The brotherhood of Amarillo Firefighters Pipes and Drums

Local News

AMARILLO, Texas (KAMR/KCIT) — Since its creation in 2013, Amarillo Firefighters Pipes and Drums have helped to honor their fallen brothers and bring closure to those families all across the state and country.

“It’s so powerful and the music is so powerful,” said Randy Johnson, Amarillo Firefighters Pipes and Drums Member.

What better way to describe what the Amarillo Firefighters Pipes and Drums do, than powerful.

Playing at different memorials and funerals for fallen firefighters, pipes and drums members find it hard to describe the emotion that comes with it.

“I search for the words to say but I really don’t know. All I know is sometimes whenever we play events, a lot of times when we play events especially. Sometimes there won’t be a dry eye in the group when we start playing,” said Lonnie Hollabaugh, Amarillo Firefighters Pipes and Drums Member.

“Just being there is powerful itself but especially when you meet a family member of a fallen firefighter and they tell you how appreciative they are of what we’re doing. It really lets you know that you’re doing something good,” said Johnson.

Pre-pandemic, Amarillo Firefighters Pipes and Drums performed all over Texas including San Antonio and Dallas.

They would also travel to Colorado Springs every year for the Fallen Firefighter Memorial.

“We just go and honor the fallen from the previous year. So there’s typically about a 1,000 band members there and probably the same amount of honor guard that are there that weekend to honor the fallen,” said Johnson.

One of the most recognizable songs that Pipes and Drums performs of course is “Amazing Grace.”

“It’s such an emotional music and such a meaningful music. I think that it touches a lot of folks in a situation like that,” said Hollabaugh.

What you will commonly hear from firefighters is how much of a brotherhood it is.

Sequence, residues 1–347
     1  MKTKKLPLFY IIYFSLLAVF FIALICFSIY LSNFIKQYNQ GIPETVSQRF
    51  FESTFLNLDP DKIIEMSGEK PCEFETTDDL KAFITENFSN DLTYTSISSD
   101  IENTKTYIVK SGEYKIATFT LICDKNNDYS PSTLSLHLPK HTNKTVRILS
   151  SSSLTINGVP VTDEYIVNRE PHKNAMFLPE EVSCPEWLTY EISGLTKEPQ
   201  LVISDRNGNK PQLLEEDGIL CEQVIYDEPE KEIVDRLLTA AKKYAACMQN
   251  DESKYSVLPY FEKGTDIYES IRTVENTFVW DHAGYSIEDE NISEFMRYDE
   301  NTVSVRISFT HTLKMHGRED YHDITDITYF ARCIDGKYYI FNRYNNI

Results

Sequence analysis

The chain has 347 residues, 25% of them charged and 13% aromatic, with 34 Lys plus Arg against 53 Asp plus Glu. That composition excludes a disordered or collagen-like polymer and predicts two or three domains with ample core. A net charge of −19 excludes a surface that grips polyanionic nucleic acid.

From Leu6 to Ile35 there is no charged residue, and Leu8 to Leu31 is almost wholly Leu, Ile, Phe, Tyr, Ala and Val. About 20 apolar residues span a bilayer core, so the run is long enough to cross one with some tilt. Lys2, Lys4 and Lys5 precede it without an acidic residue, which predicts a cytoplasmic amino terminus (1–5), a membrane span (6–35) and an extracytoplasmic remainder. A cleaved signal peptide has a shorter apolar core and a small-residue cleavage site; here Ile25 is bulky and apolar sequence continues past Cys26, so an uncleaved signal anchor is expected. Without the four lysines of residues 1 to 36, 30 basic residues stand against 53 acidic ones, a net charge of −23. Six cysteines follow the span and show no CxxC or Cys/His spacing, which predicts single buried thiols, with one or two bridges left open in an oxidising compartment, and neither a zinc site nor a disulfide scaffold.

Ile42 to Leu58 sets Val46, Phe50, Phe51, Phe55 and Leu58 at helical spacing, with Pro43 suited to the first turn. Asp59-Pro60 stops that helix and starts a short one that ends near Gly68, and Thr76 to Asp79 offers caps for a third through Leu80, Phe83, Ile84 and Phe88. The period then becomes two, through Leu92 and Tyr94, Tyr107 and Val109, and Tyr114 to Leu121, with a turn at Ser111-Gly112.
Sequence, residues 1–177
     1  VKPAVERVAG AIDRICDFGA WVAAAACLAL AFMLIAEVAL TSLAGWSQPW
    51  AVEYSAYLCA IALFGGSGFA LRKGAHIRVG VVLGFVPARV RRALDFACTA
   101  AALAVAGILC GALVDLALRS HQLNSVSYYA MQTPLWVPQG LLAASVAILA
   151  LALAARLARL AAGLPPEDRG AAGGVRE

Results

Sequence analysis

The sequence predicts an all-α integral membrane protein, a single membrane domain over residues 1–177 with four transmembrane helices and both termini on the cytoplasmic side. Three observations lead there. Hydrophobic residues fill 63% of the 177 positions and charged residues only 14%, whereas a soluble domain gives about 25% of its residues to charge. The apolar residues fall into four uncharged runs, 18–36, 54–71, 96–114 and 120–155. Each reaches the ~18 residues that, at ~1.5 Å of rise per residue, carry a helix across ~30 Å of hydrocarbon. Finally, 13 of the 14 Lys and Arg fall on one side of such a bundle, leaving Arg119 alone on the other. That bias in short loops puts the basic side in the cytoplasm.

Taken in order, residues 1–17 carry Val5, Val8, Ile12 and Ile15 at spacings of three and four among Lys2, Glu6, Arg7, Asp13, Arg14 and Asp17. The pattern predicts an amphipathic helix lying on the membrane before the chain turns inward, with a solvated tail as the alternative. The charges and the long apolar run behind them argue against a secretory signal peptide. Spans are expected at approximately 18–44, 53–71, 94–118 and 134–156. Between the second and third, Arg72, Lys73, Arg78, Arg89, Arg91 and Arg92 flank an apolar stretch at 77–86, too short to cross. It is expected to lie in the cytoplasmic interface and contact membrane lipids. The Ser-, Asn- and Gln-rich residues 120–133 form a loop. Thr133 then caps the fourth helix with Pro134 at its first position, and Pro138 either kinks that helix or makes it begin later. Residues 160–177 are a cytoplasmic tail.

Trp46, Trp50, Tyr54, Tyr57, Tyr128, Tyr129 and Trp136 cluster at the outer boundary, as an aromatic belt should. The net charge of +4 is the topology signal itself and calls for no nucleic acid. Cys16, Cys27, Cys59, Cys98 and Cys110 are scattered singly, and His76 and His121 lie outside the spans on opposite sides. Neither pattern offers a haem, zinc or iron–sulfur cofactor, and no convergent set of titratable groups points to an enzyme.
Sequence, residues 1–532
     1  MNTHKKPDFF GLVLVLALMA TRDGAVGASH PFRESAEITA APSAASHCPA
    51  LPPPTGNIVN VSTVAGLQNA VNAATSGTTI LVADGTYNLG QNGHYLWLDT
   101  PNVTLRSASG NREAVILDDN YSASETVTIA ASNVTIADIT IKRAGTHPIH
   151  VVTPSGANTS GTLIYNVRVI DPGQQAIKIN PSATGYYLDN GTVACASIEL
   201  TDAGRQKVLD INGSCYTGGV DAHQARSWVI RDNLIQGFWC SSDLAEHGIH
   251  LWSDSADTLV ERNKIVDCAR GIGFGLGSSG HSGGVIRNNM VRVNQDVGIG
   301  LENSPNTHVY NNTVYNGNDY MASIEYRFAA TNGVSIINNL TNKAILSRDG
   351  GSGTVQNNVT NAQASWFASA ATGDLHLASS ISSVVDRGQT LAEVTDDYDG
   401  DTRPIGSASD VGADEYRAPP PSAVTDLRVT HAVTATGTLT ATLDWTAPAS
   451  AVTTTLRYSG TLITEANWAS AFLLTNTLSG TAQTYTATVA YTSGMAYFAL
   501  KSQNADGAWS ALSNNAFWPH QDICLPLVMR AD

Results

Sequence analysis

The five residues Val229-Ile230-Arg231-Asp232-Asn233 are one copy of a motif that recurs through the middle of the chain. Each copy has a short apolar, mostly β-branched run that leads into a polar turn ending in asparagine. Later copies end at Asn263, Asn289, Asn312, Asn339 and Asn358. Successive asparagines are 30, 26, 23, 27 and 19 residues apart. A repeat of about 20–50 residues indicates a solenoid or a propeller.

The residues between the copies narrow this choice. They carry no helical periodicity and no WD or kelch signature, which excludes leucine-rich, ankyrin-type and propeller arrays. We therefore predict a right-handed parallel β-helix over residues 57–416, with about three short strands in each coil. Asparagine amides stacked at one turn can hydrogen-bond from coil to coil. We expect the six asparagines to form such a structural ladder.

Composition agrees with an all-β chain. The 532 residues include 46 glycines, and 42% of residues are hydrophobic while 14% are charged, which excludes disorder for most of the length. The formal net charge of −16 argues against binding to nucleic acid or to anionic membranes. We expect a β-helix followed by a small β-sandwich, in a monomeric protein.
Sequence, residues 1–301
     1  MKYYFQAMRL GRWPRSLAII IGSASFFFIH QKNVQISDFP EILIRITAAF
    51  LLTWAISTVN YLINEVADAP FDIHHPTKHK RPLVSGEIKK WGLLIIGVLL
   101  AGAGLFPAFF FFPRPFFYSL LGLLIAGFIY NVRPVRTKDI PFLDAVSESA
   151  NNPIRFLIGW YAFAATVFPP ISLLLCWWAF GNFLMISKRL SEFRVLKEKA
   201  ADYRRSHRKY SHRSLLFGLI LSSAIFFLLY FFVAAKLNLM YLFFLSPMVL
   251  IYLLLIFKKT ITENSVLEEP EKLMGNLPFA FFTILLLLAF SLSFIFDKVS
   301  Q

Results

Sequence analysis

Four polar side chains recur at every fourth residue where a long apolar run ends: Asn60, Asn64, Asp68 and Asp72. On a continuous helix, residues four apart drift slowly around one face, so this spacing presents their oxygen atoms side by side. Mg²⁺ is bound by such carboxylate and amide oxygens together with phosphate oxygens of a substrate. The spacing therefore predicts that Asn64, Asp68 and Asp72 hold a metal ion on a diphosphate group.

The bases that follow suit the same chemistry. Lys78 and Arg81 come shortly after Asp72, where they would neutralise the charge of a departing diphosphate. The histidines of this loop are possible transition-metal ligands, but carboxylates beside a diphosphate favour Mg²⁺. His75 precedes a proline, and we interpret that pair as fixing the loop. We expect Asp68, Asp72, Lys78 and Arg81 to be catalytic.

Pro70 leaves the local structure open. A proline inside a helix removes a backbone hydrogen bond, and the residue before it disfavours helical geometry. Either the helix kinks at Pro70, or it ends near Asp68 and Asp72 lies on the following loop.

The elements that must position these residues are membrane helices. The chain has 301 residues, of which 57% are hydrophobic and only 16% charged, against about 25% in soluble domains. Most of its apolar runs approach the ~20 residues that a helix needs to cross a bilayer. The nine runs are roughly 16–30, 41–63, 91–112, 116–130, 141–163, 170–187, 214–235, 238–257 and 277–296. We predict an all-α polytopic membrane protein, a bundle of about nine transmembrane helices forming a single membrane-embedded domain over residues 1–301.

Johnson and Hollabaugh said it’s just like that if not more so in Pipes and Drums.

“It’s just like a smaller version, a more tight knit version of the firefighters. It’s the brotherhood and being a part of those families that have lost members. It’s a mighty feeling,” said Hollabaugh.

“The fire department itself is a brotherhood but the brotherhood of the band is a little bit different just due to the nature of what we’re doing and the closeness of the guys,” said Johnson.

“It’s something bigger than us and it brings a lot of closure and a lot of comfort to the families that we see and that we deal with, especially the honor we give to their fallen loved one is a big deal to them,” said Hollabaugh.

For clarification, Amarillo Firefighters Pipes and Drums is a non-profit and a separate entity from the Amarillo Fire Department.

AFD helped them with some initial funding when they first started by purchasing the uniforms that you see them wearing at those funerals and memorials.

To keep the band going, they play at public events to raise funds and to fund their travels to different performances.

AFD Pipes and Drums Member Randy Johnson on the meaning of the kilts they wear.

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